https://help.ubuntu.com/community/EnvironmentVariables#Setting_values_to_environment_variables
https://www.digitalocean.com/community/tutorials/how-to-read-and-set-environmental-and-shell-variables-on-a-linux-vps
http://www.linuxforums.org/forum/newbie/4325-how-add-environment-variable-bashrc-file.html

I moved the environment variables to the bottom of the page, and added some export commands. Currently my .bashrc file looks like this:



Do you know what I can try next?
 
Dave Tolls
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What files are in the directory you are trying to run that HelloWorldApp?
Can you list them here?

What command(s) are you running?
Can you copy/paste them here as well, along with the output?

That should help us figure out what's going on.
 
Campbell Ritchie
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In .bashrc, it shou‍ld read
export PATH=/usr/bin:etc
Don't simply copy the PATH you have in /etc/environment. You don't need the same PATH twice. You shou‍ld probably miss out the quote marks in the PATH and XYZ_HOME variables, and they need export too.I have commented out the PATH with a # sign and shortened it for reasons explained here.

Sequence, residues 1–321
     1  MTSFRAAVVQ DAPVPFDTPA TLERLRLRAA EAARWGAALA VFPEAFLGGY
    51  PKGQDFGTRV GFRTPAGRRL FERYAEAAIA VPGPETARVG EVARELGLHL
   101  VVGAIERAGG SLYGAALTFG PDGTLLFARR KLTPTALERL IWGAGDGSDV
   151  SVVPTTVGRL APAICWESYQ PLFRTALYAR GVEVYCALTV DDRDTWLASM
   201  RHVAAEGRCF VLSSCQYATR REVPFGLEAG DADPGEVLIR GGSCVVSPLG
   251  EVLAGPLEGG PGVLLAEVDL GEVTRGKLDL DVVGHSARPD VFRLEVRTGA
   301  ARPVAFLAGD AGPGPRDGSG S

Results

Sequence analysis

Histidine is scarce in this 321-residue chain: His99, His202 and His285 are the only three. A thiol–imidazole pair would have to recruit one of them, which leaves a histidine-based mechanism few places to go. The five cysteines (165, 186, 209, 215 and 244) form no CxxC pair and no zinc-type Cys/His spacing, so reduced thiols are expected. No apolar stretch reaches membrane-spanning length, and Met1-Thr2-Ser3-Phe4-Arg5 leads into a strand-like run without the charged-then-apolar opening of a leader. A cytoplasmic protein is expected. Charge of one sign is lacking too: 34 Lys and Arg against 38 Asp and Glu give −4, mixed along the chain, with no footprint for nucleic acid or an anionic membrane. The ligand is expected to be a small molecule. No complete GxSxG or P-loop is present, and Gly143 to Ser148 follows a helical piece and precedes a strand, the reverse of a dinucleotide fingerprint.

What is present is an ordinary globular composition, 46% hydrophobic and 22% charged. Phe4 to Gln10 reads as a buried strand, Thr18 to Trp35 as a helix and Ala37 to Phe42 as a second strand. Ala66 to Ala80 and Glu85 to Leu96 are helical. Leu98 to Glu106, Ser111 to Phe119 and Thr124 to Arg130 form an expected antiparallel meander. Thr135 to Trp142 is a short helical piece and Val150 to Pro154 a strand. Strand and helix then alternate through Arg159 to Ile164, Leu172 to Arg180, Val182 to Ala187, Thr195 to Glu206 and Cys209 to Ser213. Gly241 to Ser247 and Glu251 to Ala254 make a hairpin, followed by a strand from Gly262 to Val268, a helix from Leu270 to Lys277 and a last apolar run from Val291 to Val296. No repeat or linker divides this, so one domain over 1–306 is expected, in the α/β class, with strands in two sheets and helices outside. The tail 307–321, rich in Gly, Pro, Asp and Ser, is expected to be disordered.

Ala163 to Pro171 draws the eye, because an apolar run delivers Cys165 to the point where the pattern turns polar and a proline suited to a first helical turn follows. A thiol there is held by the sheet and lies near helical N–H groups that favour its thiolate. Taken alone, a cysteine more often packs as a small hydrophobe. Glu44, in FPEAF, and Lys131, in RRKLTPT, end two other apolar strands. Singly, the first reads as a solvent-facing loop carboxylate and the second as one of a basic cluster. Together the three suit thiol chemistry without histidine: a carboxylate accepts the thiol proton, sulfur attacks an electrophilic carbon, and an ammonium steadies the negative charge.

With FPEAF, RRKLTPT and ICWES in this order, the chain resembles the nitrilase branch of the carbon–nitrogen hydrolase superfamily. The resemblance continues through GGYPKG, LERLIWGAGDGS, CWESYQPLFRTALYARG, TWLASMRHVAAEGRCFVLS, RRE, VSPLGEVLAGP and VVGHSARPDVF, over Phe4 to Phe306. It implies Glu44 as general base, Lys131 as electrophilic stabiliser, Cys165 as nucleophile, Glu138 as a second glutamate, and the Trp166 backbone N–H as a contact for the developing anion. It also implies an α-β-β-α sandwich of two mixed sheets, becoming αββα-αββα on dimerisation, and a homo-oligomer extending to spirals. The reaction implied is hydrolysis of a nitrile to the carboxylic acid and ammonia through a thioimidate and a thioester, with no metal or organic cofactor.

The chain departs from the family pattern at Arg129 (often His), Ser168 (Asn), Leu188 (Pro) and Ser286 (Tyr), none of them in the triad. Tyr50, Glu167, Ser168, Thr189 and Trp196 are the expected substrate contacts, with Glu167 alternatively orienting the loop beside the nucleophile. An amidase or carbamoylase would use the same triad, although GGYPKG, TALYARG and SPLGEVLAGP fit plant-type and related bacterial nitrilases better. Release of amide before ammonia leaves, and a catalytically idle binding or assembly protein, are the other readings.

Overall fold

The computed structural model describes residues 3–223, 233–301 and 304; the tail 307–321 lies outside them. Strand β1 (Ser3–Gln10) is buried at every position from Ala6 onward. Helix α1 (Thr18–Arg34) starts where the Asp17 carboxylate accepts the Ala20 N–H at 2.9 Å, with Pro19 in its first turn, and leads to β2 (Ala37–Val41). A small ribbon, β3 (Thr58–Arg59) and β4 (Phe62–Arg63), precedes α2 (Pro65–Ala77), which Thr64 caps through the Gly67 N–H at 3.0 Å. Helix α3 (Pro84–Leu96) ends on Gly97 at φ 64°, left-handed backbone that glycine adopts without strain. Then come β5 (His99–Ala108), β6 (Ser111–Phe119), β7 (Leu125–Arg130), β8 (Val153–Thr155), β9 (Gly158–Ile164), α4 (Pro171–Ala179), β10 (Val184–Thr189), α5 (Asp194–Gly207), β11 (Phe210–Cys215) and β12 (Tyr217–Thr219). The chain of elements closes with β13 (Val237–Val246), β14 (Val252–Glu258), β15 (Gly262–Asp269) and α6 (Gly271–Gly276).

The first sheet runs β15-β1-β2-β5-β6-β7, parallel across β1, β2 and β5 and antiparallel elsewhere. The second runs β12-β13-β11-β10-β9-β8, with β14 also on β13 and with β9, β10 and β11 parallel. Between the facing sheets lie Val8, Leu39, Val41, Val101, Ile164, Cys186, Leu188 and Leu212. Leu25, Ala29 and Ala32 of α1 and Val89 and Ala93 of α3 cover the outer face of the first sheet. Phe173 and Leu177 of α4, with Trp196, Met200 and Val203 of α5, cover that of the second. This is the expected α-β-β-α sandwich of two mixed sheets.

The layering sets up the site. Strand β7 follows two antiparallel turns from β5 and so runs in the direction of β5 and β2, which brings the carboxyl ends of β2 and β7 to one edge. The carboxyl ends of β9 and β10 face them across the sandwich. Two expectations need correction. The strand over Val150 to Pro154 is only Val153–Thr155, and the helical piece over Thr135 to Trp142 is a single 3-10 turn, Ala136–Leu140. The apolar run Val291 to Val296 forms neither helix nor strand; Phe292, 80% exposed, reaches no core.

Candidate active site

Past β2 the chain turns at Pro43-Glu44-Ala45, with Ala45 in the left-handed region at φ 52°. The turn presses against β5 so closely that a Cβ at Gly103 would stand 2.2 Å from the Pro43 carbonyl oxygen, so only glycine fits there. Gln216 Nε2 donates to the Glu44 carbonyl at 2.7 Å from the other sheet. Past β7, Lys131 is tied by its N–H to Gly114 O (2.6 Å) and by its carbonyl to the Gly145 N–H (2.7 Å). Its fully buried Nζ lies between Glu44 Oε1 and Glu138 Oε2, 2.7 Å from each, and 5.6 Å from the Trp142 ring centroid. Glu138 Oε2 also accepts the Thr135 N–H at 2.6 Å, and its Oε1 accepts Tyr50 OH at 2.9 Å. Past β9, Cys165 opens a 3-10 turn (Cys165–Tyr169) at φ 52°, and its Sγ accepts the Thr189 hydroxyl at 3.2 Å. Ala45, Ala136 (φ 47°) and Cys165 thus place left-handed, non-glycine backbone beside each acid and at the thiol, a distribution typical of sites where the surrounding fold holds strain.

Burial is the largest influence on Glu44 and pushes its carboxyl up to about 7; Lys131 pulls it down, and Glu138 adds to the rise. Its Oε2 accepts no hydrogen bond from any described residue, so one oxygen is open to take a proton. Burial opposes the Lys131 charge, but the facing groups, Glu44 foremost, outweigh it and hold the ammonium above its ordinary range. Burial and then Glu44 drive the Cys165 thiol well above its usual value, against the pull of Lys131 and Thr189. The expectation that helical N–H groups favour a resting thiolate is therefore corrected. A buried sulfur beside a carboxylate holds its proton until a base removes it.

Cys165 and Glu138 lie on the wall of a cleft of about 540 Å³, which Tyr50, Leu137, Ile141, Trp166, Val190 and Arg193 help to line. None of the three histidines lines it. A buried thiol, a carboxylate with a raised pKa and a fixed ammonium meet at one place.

You can change your PATH temporarily by writing a similar export instruction at a terminal. If that directory actually existed, I could use Java9 for the lifetime of the current terminal with this instruction:-Because Java9 precedes Java8 in the new PATH, it will take precedence over Java8.

Have you got the problem about Hello World sorted out?
 
Campbell Ritchie
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Dave Tolls is right: tell us which directory you are in (pwd) and whether those files are in the same location (ls). If there are both HelloWorldApp.java and HelloWorldApp.class in your current location, show us the entire text of the .java file.
 
Brian Jones Jr.
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Campbell Ritchie wrote:In .bashrc, it shou‍ld read
export PATH=/usr/bin:etc


Ok, so my export statements look like this.



Campbell Ritchie wrote:
Don't simply copy the PATH you have in /etc/environment. You don't need the same PATH twice.


I removed the PATH variable definition from /etc/environment, and moved it to .bashrc. Should the PATH variable definition be in /etc/environment or in .bashrc?

Campbell Ritchie wrote:
You shou‍ld probably miss out the quote marks in the PATH and XYZ_HOME variables, and they need export too.


I removed the quote marks from all of the environment variables, and added export too.

Campbell Ritchie wrote:
I have commented out the PATH with a # sign and shortened it for reasons explained here.